The other branch of the hallowed Treble is the domestic Cup. In every Master League campaign since the dawn of time (well, since 2002 or so) I have played two-legged Cup matches. This year, I decided to give traditional English-style one-legged Cup matches a try.

I knew I’d have cause to regret it, and I do regret it. I played Machester City away, and it was a very similar match to the one against Chelsea. Except that this time I lost. I lost 1-0, to a late Man City goal, and that was that.

I cursed my decision to go with one-legged Cup matches. In a two-legged encounter, I felt I could have turned the tie around at my place.

But that’s the Treble for this season gone.

Now that I’m playing my seasons at a vastly reduced pace, it could be a while before I actually win a Treble. A very long while.

But that’s fine. PES2011 might not be a game I want to play every day, but it serves me well as an every-other-day kind of game. This’ll do me. Even if I don’t clinch the Treble until the leaves are turning yellow again and PES2012 is just around the corner, so be it.

And who knows. It just might be better this way.

Going part-time

Below is the draw for the Champions League group stage here in season 9 of my Master League career in the ill-fated PES2011:

The “ill-fated” PES2011? Alas, yes. I speak only for myself of course.

After many ups and downs with the game, I have come to a decision that no big TV is going to undo.

No, this time I’m not giving up PES2011 again. Master League will keep me coming back until the itch is fully scratched. It’s pointless to pretend that I could keep away from Master League.

But I am scaling things down. I usually play PES every day. It was one of the founding principles behind the blog. From now on, though, I will only play PES2011 occasionally—a few times a week, instead of every day.

The blog will continue with three posts per week, but it could take a month to get through a season. (Maybe the blog will actually be better this way?)

So what’s really my problem with PES2011? There are so many that I don’t know where to begin.

It’s my considered, rational, and totally genuine opinion that PES2011 is the worst PES since PES2008(PS3)—the game that introduced a serpent to our football gaming paradise. PES’s fall from grace has been as shocking and spectacular as any in gaming history. I believed that the many sins of next-gen PES were coming to an end with a very worthy PES2010. And then Konami all but promised that PES2011 was going to be a miraculous, total resurrection for the series. Instead, I find myself in limbo—or possibly in hell itself.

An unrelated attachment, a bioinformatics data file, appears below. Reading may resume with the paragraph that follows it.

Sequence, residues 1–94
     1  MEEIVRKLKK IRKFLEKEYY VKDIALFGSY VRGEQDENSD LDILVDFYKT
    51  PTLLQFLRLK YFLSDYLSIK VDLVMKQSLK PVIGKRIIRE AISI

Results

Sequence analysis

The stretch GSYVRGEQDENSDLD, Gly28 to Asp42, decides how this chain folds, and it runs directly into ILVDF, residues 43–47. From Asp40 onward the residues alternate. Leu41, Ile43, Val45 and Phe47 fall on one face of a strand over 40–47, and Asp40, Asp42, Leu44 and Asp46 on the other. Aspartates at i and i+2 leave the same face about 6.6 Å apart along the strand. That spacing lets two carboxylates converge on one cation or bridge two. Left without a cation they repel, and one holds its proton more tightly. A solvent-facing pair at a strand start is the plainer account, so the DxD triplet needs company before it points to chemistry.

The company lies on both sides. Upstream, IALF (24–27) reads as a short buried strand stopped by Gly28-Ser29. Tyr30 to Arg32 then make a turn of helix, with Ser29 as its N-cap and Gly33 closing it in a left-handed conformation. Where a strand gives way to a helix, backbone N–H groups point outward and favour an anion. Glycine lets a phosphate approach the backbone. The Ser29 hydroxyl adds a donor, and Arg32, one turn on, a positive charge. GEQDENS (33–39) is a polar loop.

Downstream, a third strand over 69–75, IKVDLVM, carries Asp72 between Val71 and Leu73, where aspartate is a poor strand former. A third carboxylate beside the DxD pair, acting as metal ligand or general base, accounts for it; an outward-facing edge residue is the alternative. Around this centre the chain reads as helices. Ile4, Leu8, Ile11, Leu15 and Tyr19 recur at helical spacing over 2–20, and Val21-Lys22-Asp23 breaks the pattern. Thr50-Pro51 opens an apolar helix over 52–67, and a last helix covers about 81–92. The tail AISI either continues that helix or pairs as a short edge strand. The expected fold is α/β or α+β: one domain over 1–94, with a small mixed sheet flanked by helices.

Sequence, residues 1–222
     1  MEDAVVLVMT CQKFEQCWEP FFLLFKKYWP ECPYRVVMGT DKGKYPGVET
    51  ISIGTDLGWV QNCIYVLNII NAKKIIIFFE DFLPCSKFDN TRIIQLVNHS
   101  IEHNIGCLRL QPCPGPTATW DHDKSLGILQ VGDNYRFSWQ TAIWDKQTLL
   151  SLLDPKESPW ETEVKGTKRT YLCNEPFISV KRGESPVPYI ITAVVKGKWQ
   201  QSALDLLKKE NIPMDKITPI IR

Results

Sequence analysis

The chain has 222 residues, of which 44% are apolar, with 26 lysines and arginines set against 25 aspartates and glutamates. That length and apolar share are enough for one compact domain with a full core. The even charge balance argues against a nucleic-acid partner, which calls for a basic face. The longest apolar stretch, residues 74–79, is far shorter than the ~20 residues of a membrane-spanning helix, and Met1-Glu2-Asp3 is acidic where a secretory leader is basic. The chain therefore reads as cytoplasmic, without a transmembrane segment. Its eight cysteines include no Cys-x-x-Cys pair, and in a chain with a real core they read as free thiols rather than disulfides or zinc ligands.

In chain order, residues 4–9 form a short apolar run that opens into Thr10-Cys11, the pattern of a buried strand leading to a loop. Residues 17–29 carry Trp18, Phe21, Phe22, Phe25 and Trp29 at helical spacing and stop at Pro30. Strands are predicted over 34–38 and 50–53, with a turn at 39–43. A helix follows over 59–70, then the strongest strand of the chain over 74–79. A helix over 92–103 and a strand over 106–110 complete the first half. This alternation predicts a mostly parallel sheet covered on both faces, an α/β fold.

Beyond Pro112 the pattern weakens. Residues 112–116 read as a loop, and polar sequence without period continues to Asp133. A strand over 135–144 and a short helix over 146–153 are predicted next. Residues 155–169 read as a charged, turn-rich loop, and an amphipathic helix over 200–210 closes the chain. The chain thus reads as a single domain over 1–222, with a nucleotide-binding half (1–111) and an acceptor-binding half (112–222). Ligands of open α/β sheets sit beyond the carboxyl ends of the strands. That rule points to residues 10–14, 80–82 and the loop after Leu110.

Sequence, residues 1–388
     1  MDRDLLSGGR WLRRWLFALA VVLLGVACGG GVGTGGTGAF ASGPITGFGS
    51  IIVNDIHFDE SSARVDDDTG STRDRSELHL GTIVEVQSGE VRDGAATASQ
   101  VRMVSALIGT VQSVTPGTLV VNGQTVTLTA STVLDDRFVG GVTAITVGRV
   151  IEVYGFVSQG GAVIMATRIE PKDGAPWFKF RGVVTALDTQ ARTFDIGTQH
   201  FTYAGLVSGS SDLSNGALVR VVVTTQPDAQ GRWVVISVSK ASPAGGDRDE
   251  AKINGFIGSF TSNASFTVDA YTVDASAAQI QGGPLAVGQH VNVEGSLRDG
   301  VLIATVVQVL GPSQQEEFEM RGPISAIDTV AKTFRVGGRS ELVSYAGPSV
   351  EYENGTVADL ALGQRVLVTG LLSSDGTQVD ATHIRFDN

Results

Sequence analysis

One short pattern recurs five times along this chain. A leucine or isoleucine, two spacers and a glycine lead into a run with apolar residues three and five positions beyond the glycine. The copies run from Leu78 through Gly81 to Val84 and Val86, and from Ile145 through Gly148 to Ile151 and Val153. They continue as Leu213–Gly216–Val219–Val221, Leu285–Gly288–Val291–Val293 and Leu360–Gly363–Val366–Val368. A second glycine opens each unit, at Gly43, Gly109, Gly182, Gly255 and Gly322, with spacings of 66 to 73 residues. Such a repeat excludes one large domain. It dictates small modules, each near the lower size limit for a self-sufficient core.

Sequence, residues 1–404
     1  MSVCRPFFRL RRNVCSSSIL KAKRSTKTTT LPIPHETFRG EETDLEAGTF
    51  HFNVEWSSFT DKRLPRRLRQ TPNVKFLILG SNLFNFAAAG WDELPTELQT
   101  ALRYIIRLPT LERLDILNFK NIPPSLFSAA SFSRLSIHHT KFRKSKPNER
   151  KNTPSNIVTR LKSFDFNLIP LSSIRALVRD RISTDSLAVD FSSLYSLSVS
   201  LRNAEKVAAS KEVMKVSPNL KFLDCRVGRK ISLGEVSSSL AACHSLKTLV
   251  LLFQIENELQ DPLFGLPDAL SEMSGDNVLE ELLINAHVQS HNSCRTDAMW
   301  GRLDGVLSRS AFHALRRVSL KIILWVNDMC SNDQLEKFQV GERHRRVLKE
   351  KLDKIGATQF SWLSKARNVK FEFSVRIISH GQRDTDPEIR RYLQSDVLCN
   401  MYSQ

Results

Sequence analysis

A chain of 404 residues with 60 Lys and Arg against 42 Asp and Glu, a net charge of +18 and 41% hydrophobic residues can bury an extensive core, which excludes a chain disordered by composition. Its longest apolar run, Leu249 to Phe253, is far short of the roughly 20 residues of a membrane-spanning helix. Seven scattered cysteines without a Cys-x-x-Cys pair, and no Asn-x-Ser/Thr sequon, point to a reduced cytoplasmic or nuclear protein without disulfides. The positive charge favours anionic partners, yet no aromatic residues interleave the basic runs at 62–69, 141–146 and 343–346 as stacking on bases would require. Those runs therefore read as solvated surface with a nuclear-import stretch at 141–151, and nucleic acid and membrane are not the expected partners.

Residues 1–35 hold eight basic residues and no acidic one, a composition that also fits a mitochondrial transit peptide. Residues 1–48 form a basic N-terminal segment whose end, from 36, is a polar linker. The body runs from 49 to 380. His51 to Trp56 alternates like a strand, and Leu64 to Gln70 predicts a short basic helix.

The game is billed as “Engineered For Freedom”, but the actual state of affairs is telegraphed from the start of every match. The kick-off is taken for you. The game plays itself, and continues trying to do so far, far too much.

I feel that I’m not really in control for a lot of the time in PES2011. It’s got nothing to do with how good or bad I am at the game. There are hard-coded elements of the game’s physics engine that no amount of R2 will alleviate.

The heavy touch and automatic run-on, where highly skilled players receiving a pass are obliged to run several yards with the ball before control is regained, is the most notorious example of this.

And the shooting is as floaty as FIFA’s was at its worst. The PESverse spent a lot of time LOLing at FIFA’s floaty shooting, back in the day. Ah but PES2011 is a PES game, so its floaty shooting is subtle and nuanced. Right.

There are glorious periods when the sun emerges from behind the clouds, but most of the time the ball is stuck under your players’ feet and your players’ feet are stuck in superglue. And the AI players chase you down and chase you down and chase you down and chase you down and chase you down until your possession degrades, somehow.

Or your players do the stupid, pointless, brain-dead ‘step-around’ of the ball (also known as the ‘approach shuffle’, or my own term the ‘half-moon shuffle’).

The step-around makes me seethe, every single time. The step-around, which real-life players do only very occasionally—usually as a defensive, ball-shepherding move—is perfomed by PES2011 players over and over, in all circumstances, in every part of the pitch. They even do it at lay-off free kicks.

I must have seen the step-around a thousand times by now, and I have come to loathe it more than I have any words to describe.

In a recent PES2011 session I was going to film every instance of the step-around for a special piss-taking video, but I’d have had to stop and film every minute, and I no longer feel that PES2011 is worth the effort.

Currently on the PES forums, an intriguing consensus is emerging. The game’s issues are obvious even to the hardest of hardcore fans. The solution seems to have two parts:

  1. Play PES2011 very sparingly—it’s the only way to enjoy the game.
  2. PES2012 is going to be The One; let’s just keep the faith for a few months, then we’ll see PES returning in all its glory to smite FIFA and raise its followers up to heaven.

At this stage I don’t want to think about point 2.

Point 1 is of much more immediate interest. The theory is that by not playing the game, you reduce your exposure to its issues, and appreciate its positive points more clearly.

What are the implications of this stance? After 15 years of ISS and PES, we have come to this: the current version of PES is best appreciated by not playing it.

That’s what the advice “Take some time off”, “only play every few days”, etc., all amounts to. Playing PES2011 less == liking PES2011 more. And it’s true, I’m already finding. But that it should come to this!